He has a substandard poodle, he owns the domain name patheticmen.com, his groupies are middle aged jewish couples who invite him over for soup, he likes to find comedy in odd places, and he is celebrating the 20th Anniversary of his show, Dr. Katz, Professional Therapist. The “he” in question, of course is stand up comedian Jonathan Katz. In celebration of the 20th Anniversary of the series, Katz is bringing a live version of the show to the Moontower Comedy Festival later this week, and we couldn’t wait to talk with him about the show.
Ray Romano was….it was such a big deal for him to be on that show. It was his first time on national television. It meant a lot to a lot of those guys.
Not only was the show a comedy barometer, but Katz had an impact on his ‘patients’..or at least some of them. “It helped one guy and it made one woman cry,” he said referring to the show’s ‘therapy.’ He disclosed the identity of the comedian who he helped– Bob Balaban– saying only that Balaban “actually felt better after seeing me.” He won’t divulge the identity of the woman who cried– too gossipy– but he blamed himself for her emotional outcry. “I made one woman cry because I took my role a little too seriously as a therapist….She’s a wonderful comedian, she had issues that are difficult to talk about, and I thought that was where the comedy was going to come from but I was so wrong,” he said. “The comedy actually came from letting them do their act,” Katz continued. “And me, adding my voice after the fact, which I often did. Sometimes people recorded in LA and I wasn’t even there, I just was listening on the phone and then a month later I would drop in my voice.”
The other reason for the show’s success he hands off to the show’s co-creator. “I give all the credit to Tom Snyder,” Katz said. “If it wasn’t for him, it just would have been an idea we had one day over lunch, cause he actually gets things made.”
Don’t expect a reboot of the show on television, as there are apparently some rights issues in the way. But since the series concluded, there have been a few subsequent incarnations of Dr. Katz including a live album, Dr. Katz Live , and several live versions of the show. Some of the live versions have included co-stars H. Jon Benjamin and Laura Silverman and some have included co-creator Tom Snyder portraying Dr. Katz’s therapist. This past January at San Francisco Sketchfest, Katz said he “was accompanied on the piano by Tom Snyder and Jon Benjamin who plays Ben.”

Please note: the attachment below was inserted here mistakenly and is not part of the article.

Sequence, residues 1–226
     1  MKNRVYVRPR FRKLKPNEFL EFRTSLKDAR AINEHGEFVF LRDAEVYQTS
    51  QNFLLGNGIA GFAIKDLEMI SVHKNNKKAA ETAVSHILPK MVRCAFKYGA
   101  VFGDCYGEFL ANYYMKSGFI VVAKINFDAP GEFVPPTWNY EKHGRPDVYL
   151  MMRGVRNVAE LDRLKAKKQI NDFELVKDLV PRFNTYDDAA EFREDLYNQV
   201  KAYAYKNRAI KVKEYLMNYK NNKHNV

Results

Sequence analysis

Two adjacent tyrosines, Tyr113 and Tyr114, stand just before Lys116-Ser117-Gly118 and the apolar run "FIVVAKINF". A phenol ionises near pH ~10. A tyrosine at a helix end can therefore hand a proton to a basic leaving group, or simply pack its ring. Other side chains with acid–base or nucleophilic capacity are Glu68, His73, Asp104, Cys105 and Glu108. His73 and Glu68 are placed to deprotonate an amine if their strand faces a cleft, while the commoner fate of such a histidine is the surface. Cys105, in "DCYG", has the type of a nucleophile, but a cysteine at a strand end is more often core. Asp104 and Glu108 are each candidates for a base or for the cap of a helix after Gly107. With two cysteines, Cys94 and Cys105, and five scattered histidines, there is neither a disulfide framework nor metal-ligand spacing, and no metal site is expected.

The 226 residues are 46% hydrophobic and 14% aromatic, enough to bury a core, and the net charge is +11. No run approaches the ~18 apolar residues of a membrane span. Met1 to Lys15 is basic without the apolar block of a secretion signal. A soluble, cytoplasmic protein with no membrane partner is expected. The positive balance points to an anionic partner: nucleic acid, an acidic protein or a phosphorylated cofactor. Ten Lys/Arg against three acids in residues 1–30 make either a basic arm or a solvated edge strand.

The Moontower performance of Dr. Katz Live will be completely different from the previous live versions.
Katz said he plans to open with stand up this time, and make the “almost magical transition” from Jonathan Katz to Dr. Katz early in the show. Starting with straight stand up, Katz told us is liberating. “I’m going to start it with stand up which is kind of liberating somewhat,” he said, “because I don’t have to pretend that there’s no audience there, cause Dr. Katz is in his office in therapy.” As for the rest of the evening, we don’t want to give too much away, but we can tell you this– H. Jon Benjamin and Laura Silverman won’t be in Austin but their characters will figure into the evening. And you’ll also see several familiar patients on hand live including Andy Kindler, Emo Phillips, Dana Gould, Eddie Pepitone, Dom Irrera, Maria Bamford, Todd Barry, and Marc Maron, all of whom appeared on the original Dr. Katz series.
Katz didn’t say much about what he has planned for his stand up set, but he did laugh, telling us that he had to rewrite his opening joke because his wife thought it was a little too “Kindler-esque” which got us talking about some of Katz’s famous patients, and he shared a few thoughts on them. He summed up Andy Kindler for us saying, “his whole thing is apologizing for being Andy Kindler- is pretty much the essence of his act. But he’s so good,” On Emo Philips, he said “Emo is one of the most eccentric guys I’ve ever worked with and he’s also a brilliant comedian.” And about Marc Maron, he shared, “I guess his default mode is anger, but I don’t think he’s actually angry, it’s kind of a place comedians go. Lewis Black, that’s his mode. I’m not an angry comedian, I’m mildly annoyed.”
I’m working on a book with David Mamet called The Home for Unfortunate Animals. We have the substandard poodle, the nervous tic, the praying mantis whose faith has been shaken and a goose with down syndrome.
He’s also learning to play the steel lap guitar on YouTube and told us he can’t help but start to recognize the pants all the instructors wear, and he’s looking forward to hitting up Austin for the very first time. Not only for the BBQ, but also for the music, especially since Austin is the home of the world’s best steel guitar player, Cindy Cashdollar.
Like many other performers, he has a podcast, but unlike most podcasters, it’s not about interviewing celebrities. Hey We’re Back is as original as Katz himself. “What i’ve been doing lately,” he said, “is I’ve been calling funeral homes and asking them if they do children’s parties, so I like to find comedy in odd places.”
You can see Dr. Katz Live on two nights at the Moontower Comedy Festival in Austin, Texas. Dr. Katz happens Live on Thursday and Friday night at the Paramount Theater. For tickets and info go to moontowerfestival.com or austintheater.org. Visit patheticmen.com for all things Katz, and follow Jonathan on twitter @Jonathan_Katz.